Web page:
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Pope’s Horatian Poems
Thomas E. Maresca
Recent critical studies of Alexander Pope have sought to define his poetic accomplishment in terms of a broadened awareness of what the eighteenth century called wit. That Pope’s achievement can be located in wit is still generally agreed; but it now seems clear that the fullest significance of his poetry can be found in the more serious meaning the Augustans attached to that word: the ability to discern and articulate— to “invent,” in the classical sense—the fundamental order of the world, of society, and of man, and to express that order fittingly in poetry.
Thomas E. Maresca maintains that it is Pope’s success in this sort of invention that is the manifest accomplishment of his Imitations of Horace. And Maresca finds that, for these purposes, the Renaissance vision of Horace served Pope well by providing a concordant mixture of rational knowledge and supernatural revelation, reason and faith in harmonious balance, and by offering as well all the advantages of applying ancient rules to modern actions. Within the expansive bounds of such traditions Pope succeeded in building the various yet one universe of great poetry.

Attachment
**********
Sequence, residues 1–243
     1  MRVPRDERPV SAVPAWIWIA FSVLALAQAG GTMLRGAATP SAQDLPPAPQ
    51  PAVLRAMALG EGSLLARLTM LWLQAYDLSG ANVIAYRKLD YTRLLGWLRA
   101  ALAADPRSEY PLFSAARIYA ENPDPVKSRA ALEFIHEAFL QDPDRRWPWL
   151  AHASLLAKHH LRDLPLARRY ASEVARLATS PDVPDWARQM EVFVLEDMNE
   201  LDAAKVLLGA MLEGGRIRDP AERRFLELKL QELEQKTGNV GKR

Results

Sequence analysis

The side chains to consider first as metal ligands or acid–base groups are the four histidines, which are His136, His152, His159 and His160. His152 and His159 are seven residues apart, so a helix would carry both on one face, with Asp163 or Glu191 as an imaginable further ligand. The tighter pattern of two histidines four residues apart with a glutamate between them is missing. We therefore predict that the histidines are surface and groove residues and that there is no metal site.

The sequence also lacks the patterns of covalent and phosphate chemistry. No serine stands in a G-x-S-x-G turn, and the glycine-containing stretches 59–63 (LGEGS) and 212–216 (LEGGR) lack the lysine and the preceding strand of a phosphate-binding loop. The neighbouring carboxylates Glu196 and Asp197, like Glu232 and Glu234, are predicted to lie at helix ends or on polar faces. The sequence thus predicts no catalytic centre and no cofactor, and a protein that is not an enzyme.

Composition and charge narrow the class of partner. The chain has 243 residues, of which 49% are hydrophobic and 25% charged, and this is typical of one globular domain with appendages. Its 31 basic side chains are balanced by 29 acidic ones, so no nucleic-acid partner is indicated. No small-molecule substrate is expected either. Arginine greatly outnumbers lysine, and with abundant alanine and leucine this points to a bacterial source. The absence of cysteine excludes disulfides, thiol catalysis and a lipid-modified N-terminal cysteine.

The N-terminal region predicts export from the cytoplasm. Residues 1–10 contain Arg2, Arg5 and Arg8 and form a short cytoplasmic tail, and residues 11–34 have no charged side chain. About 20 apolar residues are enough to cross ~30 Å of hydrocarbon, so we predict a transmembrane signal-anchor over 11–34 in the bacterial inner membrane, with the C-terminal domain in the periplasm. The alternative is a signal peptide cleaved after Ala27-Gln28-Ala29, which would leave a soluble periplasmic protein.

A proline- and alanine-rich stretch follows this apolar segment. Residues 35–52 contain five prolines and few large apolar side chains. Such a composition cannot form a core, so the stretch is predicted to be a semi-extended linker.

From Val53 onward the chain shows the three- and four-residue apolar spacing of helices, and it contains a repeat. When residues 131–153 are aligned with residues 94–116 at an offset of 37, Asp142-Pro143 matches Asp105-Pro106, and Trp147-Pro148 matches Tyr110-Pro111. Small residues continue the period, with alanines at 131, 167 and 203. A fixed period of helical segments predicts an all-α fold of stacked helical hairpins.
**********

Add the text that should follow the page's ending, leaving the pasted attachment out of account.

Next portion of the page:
Thomas E. Maresca is assistant professor of English at The Ohio State University.
|1966 227 pp.||This title is no longer available in a traditional print edition. Click here for free access to the book's full text.|